The third season of Buffy the Vampire Slayer is considered, along with the second, to be the show’s shining hour. One of those reasons came from the season’s main antagonist: Mayor Richard Wilkins III, an immortal demon worshiper who wished to join those ranks by ascending into a monstrous form.
He appears throughout most of the season as a human antagonist, but his slow transformation into something completely other (as well as his behavior in both) elevates him to monster status in my book, so we’re free to talk about him here.
In the Buffyverse, there’s a scale of horrible things that can be arranged by potency: there’s Half-Demons like Vampires (which for them is a demonic spirit animated a corpse); demons like the Sisterhood of Jhe, Vahral and numerous others; there are True Demons, which are large monstrous beings with a wide variety of forms; then there are the Old Ones which are godlike beings of monstrous insanity and power.
The Mayor wanted to turn himself into a true demon. He built Sunnydale specifically to foster his eventual goal, willingly sacrificing the high school students to maintain the transformation. The demon is a beast called Olvikan: a giant serpent with armored head, back and thagomizer.
Let’s start at the head. It’s covered in thick armor, has horns on it and, if it were a proper species, would indicate a head ramming/butting contest would occur amongst males of the species. The most interesting thing, however, is a series of small segmented ‘teeth’ which are around the mouth. These would be used in life to guide food into the mouth or perhaps for digging food out of hard to reach places. It shows no indication of having a hinged jaw like a proper serpent, which means it, specialized in eating smaller organisms (like people).
The body is long and has a row of spines down its back for armor. This may be to reinforce the body from the head ramming/ body blows mentioned above, or it may be to protect it from predators (as hard as that may be to conceive).
And at the very tip of the creature’s tail is a thagomizer. The word is used to describe tail spikes and clubs found primarily on ankylosaurs and stegosaurs. I love the word thagomizer. First of all, it’s fun to say. Second of all, it comes from one of my favorite comic strips: The Far Side.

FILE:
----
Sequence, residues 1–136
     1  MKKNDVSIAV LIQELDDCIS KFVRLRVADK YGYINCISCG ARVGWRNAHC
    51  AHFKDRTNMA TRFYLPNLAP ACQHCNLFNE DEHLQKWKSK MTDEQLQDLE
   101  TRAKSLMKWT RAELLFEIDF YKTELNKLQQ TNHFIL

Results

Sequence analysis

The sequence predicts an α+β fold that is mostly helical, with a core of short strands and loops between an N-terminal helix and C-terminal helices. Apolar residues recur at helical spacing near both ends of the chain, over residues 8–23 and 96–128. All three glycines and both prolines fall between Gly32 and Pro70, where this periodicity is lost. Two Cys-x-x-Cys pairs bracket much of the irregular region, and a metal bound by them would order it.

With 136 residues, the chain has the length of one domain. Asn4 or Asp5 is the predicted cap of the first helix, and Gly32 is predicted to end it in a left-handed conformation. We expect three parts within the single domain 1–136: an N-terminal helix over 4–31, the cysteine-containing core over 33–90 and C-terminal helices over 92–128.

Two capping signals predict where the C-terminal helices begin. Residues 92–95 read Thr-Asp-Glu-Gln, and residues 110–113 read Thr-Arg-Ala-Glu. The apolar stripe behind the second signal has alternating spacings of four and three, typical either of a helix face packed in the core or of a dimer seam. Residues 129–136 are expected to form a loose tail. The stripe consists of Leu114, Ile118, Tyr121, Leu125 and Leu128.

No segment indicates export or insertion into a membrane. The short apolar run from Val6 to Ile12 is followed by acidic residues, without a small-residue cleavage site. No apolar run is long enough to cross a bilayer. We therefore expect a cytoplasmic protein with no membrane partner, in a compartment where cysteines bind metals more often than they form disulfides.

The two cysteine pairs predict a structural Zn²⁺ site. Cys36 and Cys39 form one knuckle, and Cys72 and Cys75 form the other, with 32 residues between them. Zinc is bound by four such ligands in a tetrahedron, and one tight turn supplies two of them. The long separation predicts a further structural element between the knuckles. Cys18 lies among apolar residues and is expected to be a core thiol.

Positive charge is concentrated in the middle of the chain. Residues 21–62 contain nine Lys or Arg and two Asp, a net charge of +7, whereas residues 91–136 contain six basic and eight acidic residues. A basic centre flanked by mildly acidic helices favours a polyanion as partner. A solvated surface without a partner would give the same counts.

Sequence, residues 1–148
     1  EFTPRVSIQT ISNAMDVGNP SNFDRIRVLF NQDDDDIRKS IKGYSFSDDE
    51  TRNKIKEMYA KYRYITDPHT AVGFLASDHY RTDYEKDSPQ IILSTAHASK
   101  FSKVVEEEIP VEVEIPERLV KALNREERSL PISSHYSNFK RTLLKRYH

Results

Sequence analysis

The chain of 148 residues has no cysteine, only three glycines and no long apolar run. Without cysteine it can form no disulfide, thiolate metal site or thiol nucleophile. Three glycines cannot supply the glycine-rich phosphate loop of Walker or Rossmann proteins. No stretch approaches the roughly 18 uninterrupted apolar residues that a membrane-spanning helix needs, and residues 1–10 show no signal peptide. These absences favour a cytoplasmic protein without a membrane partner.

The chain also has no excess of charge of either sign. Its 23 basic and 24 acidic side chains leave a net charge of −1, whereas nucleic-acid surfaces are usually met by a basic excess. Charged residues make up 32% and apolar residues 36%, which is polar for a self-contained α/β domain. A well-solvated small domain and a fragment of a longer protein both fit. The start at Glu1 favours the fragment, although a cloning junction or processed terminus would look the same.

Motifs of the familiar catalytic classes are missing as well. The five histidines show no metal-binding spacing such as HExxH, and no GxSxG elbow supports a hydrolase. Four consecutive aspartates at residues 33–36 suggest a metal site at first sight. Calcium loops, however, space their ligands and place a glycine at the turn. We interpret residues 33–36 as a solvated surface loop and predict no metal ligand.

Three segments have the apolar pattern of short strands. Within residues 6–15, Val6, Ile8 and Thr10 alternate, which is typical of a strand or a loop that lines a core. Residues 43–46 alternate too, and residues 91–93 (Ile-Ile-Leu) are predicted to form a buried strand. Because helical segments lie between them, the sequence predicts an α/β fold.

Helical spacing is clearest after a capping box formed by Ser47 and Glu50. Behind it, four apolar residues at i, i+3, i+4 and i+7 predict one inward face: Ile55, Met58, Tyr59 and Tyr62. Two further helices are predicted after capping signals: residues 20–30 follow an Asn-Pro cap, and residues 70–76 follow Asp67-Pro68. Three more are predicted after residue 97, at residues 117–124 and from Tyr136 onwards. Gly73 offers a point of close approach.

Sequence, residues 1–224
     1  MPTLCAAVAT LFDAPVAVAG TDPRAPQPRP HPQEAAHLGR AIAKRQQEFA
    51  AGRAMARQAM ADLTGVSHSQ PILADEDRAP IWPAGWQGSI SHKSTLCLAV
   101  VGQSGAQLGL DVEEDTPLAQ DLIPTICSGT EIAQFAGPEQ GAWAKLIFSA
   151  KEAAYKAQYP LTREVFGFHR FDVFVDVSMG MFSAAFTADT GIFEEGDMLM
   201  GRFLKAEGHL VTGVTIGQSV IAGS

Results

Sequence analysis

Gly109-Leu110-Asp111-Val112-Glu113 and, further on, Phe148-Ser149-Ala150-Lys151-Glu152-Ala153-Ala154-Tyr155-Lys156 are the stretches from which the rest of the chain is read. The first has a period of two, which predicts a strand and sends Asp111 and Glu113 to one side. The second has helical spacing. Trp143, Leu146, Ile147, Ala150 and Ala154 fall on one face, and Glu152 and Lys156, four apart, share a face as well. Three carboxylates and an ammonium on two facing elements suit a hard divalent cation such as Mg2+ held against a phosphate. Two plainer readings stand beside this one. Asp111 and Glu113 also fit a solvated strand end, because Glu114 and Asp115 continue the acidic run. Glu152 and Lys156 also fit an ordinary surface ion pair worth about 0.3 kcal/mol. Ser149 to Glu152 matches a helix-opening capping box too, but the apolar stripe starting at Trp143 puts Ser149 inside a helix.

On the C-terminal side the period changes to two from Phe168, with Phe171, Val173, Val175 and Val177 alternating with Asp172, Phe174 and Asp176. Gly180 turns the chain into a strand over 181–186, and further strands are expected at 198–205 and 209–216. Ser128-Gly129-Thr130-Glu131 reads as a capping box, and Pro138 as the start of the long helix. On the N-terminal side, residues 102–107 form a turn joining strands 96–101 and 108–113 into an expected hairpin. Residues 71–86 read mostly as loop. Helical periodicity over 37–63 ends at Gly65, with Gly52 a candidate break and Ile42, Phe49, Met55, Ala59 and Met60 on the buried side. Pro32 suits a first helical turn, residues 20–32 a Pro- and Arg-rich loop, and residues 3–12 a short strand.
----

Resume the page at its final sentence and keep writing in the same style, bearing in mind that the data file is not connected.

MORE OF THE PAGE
The Mayor uses it to defend himself during his monstrous appearance, killing off a recurring character in the process.
The monster itself is as strong and tough as any demonic creature over fifty feel long has a right to be.
Buffy ended up blowing up the entire high school just to of the monster. His last words?
Even with the new mouth and body, he could still form proper words. An odd thing, really, as a lot of the human head and face are dedicated just to the variety of sounds we can make. Still, what’s the point of being a giant monster if you can’t talk or lose your intelligence along the way.
The Mayor himself is a perfect corrupt father figure. He is a very Norman Rockwell sort of guy. Just imagine if someone was raised to think the way people behaved on Leave it to Beaver or The Andy Griffith Show was a demon worshiping guy bent on becoming a giant monster and that’s the best way to summarize him. It really emphasis his evil when it contrasted his cheery demeanor.
As the Mayor, he is the town’s true father figure, but it is his relationship with the rogue slayer Faith which really hammers home the corrupt father aspect of him. He genuinely loves the girl as a father and treats her better than anyone has before. It’s a very sweet relationship for all its evil.
The transformation does little to dispel the symbolism of the character.
Aside from the Freudian things we can talk about with a male character becoming a giant phallus, the serpent as a symbol is quite potent and relates to the ‘human’ he was before the transformation rather well.
It’s also one off the most symbolically potent of all animals. The color scheme of Olvikan ties it to the earth it appears to ‘grow’ from (serpents, crawling on their bellies, are believes to be closer to it). It’s a well-known symbol of evil in the west, it is also a symbol of healing and regeneration.
The Mayor himself was immortal, and he provided a stabilizing or healing aspect to Faith’s life (as wrong as it was), so we retain that part of it.
The final bit of pertinent symbolism comes from the snake-as-wisdom side of the coin. The Mayor is many things, and wise is one of them. His intelligence, foresight, planning and advice to his allies is usually pretty on the mark and helpful—except when he’s being too Norman Rockwell or mysophobic.
He’s the only big bad villain who tells his vampire minions not to swear when they’re ensuring the slaughter of teenagers.
And that’s why we love him so.